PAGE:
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Crystal structures of VIM-1 complexes explain active site heterogeneity in VIM-class metallo-β-lactamases

DOI: 10.1111/febs.14695 DOI Help

Authors: Ramya Salimraj (University of Bristol) , Philip Hinchliffe (University of Bristol) , Magda Kosmopoulou (University of Bristol) , Jonathan M. Tyrrell (Cardiff University) , Jurgen Brem (University of Oxford) , Sander S. Van Berkel (University of Oxford) , Anil Verma (Oxford Protein Production Facility UK, The Research Complex at Harwell) , Raymond J. Owens (Oxford Protein Production Facility UK, The Research Complex at Harwell) , Michael A. Mcdonough (University of Oxford) , Timothy R. Walsh (Cardiff University) , Christopher J. Schofield (University of Oxford) , James Spencer (University of Bristol)
Co-authored by industrial partner: No

Type: Journal Paper
Journal: The Febs Journal

State: Published (Approved)
Published: November 2018
Diamond Proposal Number(s): 313

Open Access Open Access

Abstract: Metallo‐β‐Lactamases (MBLs) protect bacteria from almost all β‐lactam antibiotics. VIM enzymes are among the most clinically important MBLs, with VIM‐1 increasing in carbapenem‐resistant Enterobacteriaceae (Escherichia coli, Klebsiella pneumoniae) that are amongst the hardest bacterial pathogens to treat. VIM enzymes display sequence variation at residues (224 and 228) that in related MBLs are conserved and participate in substrate binding. How they accommodate this variability, while retaining catalytic efficiency against a broad substrate range, has remained unclear. Here we present crystal structures of VIM‐1 and its complexes with a substrate‐mimicking thioenolate inhibitor, ML302F, that restores meropenem activity against a range of VIM‐1 producing clinical strains, and the hydrolysed product of the carbapenem meropenem. Comparison of these two structures identifies a water‐mediated hydrogen bond, between the carboxylate group of substrate/inhibitor and the backbone carbonyl of the active site zinc ligand Cys221, that is common to both complexes. Structural comparisons show that the responsible Cys221‐bound water is observed in all known VIM structures, participates in carboxylate binding with other inhibitor classes, and thus effectively replicates the role of the conserved Lys224 in analogous complexes with other MBLs. These results provide a mechanism for substrate binding that permits the variation at positions 224 and 228 that is a hallmark of VIM MBLs.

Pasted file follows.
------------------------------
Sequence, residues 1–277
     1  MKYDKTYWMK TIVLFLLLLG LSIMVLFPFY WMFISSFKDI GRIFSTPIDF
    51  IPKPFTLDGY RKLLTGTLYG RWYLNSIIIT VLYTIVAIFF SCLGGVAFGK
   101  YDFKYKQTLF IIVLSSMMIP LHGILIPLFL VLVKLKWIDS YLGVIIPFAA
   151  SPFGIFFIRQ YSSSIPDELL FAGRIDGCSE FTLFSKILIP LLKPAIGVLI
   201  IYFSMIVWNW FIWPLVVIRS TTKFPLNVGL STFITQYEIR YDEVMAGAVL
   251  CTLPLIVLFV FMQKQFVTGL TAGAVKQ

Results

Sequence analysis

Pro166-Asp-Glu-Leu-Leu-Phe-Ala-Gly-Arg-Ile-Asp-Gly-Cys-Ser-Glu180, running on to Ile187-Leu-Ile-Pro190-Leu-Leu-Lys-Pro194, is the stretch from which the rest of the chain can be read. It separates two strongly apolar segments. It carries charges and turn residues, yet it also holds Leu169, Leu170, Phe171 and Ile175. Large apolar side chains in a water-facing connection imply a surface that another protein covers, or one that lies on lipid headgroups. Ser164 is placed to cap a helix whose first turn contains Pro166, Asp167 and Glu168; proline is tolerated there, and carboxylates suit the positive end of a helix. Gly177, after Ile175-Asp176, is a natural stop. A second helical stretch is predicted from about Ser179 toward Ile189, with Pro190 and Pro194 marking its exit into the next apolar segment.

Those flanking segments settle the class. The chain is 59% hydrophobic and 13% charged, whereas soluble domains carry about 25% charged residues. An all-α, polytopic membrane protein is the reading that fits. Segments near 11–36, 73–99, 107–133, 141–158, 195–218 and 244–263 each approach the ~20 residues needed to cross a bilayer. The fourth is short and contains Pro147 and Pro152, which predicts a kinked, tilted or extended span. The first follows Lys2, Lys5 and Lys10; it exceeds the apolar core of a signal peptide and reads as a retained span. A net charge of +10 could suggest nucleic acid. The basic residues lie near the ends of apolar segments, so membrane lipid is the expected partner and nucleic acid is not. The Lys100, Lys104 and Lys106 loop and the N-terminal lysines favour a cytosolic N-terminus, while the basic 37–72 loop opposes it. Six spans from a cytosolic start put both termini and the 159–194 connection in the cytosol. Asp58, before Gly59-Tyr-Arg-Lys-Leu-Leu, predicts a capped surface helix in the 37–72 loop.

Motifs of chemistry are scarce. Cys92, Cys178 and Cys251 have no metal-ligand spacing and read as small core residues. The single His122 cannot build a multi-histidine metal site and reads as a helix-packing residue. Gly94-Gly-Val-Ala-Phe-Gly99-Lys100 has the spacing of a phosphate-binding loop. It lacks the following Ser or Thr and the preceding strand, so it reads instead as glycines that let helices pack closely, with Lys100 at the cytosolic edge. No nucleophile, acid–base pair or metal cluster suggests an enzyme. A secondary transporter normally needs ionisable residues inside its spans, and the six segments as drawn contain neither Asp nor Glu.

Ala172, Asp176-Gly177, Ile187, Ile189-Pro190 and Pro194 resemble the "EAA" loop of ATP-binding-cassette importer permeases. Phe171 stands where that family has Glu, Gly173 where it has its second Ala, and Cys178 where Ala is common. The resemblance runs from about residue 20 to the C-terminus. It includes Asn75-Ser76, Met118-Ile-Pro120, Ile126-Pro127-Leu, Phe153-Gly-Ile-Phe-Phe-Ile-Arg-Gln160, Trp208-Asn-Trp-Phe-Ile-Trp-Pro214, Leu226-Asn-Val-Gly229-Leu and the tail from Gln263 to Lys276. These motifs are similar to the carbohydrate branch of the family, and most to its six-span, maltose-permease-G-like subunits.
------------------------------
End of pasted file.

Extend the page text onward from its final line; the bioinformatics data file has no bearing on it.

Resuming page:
Journal Keywords: antibiotic resistance; X‐ray crystallography; hydrolase; metalloenzyme; zinc; metallo‐β‐lactamase; VIM‐1; carbapenem

Diamond Keywords: Bacteria; Enzymes

Subject Areas: Biology and Bio-materials

Instruments: I02-Macromolecular Crystallography , I04-Macromolecular Crystallography , I24-Microfocus Macromolecular Crystallography

Added On: 22/11/2018 11:45


Discipline Tags:

Pathogens Antibiotic Resistance Infectious Diseases Health & Wellbeing Structural biology Life Sciences & Biotech

Technical Tags:

Diffraction Macromolecular Crystallography (MX)